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Knowledge Center Items Ransomware Attack Hit Atlanta, Underscoring Risk to Municipalities

Ransomware Attack Hit Atlanta, Underscoring Risk to Municipalities

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Atlanta’s municipal government was recently hit with a ransomware attack by cyber criminals who were asking for $51,000 to get the city’s online systems back up and running. It’s unknown whether the ransom was paid but the city slowly restored their systems after five days during which residents were unable to pay their traffic tickets or water bills online, and travelers at the world’s busiest airport were unable to use free Wi-Fi. In a ransomware attack, malicious software cripples a victim’s computer or network and blocks access to important data until a ransom is paid to unlock it.

The Atlanta cyber attack underscores the vulnerabilities of governments and other public entities as they rely on computer networks for day-to-day operations. Indeed the FBI says ransomware attacks have been on the rise for the past three years, particularly against organizations that serve the public. This includes hospitals, school districts, state and local governments and even law enforcement.

The FBI, in 2016, received 2,673 complaints of extortion through malware attacks with losses of over $2.4 million. Last year, the number of reports increased to about 3,000, with losses remaining at about the same level. Data compiled by cyber security ratings company BitSight from a 2016 report analyzing government, health care, finance, retail, education and utilities concluded that education institutions are most likely to be on the receiving end of a ransomware attack. They are three times as likely to get hit, as are the health care sector, and more than 10 times as likely as financial institutions. In addition, according to the study, government entities, from local to federal agencies, have the second-lowest security rating and the second-highest rate of ransomware attacks.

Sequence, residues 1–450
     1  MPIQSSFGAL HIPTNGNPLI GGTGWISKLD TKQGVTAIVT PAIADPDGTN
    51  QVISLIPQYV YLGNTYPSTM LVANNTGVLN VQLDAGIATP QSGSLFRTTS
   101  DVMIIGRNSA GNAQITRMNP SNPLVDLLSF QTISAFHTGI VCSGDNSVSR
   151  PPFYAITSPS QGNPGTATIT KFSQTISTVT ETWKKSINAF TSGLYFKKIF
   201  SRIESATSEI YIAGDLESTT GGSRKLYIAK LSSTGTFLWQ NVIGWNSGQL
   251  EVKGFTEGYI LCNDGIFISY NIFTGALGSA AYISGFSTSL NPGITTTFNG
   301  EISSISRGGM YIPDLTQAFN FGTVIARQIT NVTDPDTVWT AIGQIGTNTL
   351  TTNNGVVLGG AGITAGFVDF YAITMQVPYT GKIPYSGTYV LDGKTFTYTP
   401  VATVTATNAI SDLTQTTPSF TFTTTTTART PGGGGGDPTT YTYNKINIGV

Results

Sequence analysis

In fact, less than half of the local governments surveyed said they had developed a formal cyber security policy, and only 34% said they had a written strategy to recover from breaches.

The FBI’s policy is for entities not to pay the ransom. "Paying a ransom not only emboldens current cyber criminals to target more organizations, it also offers an incentive for other criminals to get involved in this type of illegal activity," wrote FBI Cyber Division Assistant Director James Trainor in a 2016 report on rising ransomware attacks. “Additionally, [the ransomware] doesn't guarantee an organization that it will get its data back— we've seen cases where organizations never got a decryption key after having paid the ransom," Trainor said.

According to experts, government officials need to get more aggressive about preventive measures, such as training employees to spot and sidestep “phishing” attempts meant to dupe them into opening the digital door for ransomware.

Equally critical to stepping up cyber security among public entities is having strong Cyber insurance in place. RPS can assist you with designing a Cyber program that will meet the needs of your insured. Give us a call to learn more about our programs.

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